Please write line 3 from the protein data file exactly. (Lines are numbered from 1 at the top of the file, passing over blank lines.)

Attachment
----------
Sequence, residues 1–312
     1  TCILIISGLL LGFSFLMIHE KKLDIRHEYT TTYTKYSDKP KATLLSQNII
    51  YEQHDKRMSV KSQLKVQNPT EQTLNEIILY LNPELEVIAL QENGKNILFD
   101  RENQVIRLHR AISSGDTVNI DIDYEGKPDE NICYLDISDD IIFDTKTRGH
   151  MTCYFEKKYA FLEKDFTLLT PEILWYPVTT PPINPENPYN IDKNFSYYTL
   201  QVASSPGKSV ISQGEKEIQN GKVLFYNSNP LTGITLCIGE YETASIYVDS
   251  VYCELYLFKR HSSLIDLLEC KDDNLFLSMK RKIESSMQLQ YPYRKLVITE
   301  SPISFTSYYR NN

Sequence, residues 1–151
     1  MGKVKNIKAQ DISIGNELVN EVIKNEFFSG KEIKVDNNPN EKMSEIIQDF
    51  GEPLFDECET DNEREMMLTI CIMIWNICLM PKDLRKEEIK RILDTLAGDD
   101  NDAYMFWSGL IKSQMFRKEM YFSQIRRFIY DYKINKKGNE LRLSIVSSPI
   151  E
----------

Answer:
    51  YEQHDKRMSV KSQLKVQNPT EQTLNEIILY LNPELEVIAL QENGKNILFD